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11 Cited Article Sources

  1. Fortunato, L., and Rushton, L. (2015, May 26). Stomach cancer and occupational exposure to asbestos: a meta-analysis of occupational cohort studies.
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  2. Li, B., Tang, S., and Wang, K. (2015, March 10). Esophagus cancer and occupational exposure to asbestos: results from a meta-analysis of epidemiology.
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  3. Wolff, H. et al. (2015). Asbestos, asbestosis, and cancer, the Helsinki criteria for diagnosis and attribution 2014: recommendations.
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  4. International Agency for Research on Cancer. (2012). Arsenic, metals, fibres, and dusts volume 100 C: A review of human carcinogens.
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  5. Camargo, M., et al. (2011, September). Occupational exposure to asbestos and ovarian cancer: A meta-analysis.
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  6. Reid, A., de Klerk, N., and Musk, A. (2011, July). Does exposure to asbestos cause ovarian cancer? A systematic literature review and meta-analysis.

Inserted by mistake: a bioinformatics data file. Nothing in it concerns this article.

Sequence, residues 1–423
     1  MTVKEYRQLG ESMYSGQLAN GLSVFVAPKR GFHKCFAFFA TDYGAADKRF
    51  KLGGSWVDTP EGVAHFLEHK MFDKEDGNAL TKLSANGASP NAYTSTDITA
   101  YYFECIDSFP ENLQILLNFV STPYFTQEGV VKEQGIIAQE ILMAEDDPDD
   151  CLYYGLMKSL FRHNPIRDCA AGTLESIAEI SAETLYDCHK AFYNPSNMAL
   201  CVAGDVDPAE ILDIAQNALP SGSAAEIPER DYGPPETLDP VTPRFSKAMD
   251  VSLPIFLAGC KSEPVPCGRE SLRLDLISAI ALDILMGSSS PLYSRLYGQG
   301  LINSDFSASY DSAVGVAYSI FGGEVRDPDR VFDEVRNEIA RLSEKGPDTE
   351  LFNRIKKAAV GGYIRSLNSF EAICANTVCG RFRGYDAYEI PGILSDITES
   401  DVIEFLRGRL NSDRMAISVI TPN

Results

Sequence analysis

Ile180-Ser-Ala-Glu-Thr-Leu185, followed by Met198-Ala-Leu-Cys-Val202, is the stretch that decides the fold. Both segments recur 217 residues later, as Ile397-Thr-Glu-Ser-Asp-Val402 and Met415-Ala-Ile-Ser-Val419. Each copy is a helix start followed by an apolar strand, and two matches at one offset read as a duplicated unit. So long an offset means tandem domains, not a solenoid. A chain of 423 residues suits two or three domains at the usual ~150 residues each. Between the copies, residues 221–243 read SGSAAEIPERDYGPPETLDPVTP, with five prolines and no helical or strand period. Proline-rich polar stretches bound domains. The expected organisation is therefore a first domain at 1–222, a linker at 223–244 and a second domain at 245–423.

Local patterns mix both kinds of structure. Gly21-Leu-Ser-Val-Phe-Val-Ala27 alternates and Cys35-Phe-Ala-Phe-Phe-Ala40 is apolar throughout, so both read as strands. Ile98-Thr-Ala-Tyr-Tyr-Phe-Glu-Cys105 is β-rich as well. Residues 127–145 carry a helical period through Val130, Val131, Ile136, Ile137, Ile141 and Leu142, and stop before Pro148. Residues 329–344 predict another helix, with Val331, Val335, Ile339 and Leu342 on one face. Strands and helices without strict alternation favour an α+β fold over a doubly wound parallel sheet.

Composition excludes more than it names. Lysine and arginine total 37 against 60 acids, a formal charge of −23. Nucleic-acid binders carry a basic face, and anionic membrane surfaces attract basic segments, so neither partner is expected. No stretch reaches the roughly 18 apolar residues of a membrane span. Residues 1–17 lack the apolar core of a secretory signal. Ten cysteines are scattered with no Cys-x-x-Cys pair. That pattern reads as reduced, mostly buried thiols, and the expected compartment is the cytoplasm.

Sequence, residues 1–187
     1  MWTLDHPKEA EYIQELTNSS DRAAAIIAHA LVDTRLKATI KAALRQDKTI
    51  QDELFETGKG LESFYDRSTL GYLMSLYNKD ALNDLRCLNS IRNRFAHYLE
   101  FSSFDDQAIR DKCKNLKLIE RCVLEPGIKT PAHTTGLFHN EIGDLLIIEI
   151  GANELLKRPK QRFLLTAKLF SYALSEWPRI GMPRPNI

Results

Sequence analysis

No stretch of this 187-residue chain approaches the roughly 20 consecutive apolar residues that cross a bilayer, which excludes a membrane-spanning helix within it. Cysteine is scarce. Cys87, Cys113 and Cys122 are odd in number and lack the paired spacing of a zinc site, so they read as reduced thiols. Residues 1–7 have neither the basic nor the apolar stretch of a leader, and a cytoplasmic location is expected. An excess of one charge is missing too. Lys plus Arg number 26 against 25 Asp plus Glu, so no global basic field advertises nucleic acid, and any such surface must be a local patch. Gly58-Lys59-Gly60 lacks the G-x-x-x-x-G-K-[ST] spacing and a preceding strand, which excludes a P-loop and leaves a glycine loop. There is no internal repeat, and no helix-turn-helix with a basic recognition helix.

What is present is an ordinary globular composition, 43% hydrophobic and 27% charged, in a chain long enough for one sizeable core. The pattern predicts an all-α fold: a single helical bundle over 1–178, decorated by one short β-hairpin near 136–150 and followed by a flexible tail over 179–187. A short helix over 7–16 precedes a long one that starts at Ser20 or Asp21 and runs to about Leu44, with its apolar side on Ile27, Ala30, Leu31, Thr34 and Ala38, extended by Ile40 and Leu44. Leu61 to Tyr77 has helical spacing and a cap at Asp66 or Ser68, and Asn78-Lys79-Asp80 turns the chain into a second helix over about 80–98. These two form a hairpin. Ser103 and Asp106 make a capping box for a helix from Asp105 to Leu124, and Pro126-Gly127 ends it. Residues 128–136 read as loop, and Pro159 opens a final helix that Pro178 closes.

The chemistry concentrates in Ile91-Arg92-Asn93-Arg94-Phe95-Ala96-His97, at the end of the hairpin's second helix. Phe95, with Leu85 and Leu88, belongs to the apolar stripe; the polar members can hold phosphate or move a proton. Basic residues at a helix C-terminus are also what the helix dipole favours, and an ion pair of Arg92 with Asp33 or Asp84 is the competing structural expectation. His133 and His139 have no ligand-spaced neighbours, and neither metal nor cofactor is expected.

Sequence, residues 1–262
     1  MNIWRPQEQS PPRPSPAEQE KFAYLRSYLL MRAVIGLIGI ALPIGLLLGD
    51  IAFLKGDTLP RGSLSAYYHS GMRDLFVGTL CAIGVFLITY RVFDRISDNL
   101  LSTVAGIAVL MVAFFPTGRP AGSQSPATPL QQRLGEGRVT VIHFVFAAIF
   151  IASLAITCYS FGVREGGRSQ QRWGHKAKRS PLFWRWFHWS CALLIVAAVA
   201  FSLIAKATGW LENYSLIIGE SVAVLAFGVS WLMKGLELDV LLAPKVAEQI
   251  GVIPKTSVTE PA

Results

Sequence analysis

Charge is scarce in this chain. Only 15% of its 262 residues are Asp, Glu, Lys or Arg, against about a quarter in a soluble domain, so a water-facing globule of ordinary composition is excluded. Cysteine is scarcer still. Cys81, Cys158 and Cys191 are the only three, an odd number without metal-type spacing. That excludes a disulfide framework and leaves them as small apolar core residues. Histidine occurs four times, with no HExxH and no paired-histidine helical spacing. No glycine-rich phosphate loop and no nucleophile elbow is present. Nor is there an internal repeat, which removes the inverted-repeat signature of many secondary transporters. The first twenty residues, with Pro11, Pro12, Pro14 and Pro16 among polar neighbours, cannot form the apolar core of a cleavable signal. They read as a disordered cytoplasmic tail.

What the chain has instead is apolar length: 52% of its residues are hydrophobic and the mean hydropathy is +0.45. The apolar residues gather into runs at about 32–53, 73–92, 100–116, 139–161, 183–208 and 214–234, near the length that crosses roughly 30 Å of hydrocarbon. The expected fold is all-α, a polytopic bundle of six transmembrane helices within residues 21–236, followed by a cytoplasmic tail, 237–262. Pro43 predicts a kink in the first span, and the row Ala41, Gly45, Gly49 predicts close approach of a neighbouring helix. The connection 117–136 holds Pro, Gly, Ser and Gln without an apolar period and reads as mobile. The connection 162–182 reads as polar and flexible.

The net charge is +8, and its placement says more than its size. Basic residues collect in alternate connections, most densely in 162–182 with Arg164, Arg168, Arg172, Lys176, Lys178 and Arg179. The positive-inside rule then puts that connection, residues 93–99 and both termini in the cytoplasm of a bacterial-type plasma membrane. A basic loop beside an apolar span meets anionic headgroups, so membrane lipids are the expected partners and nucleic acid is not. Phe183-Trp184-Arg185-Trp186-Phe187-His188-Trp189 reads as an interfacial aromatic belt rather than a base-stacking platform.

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  7. Reid, A. et al. (2009). Gynecologic and breast cancers in women after exposure to blue asbestos at Wittenoom.
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  8. National Academies. (2006, June 6). Asbestos exposure linked to cancer of the larynx.
    Retrieved from:
  9. Dodson, R., and Hammar, S. (2006). Asbestos: Risk assessment, epidemiology, and health effects. Taylor & Francis: Boca Raton.
  10. Canadian Cancer Society. (n.d.). Asbestos.
    Retrieved from:
  11. National Cancer Institute. (n.d.). Malignant mesothelioma. Retrieved from:

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Last Modified May 14, 2019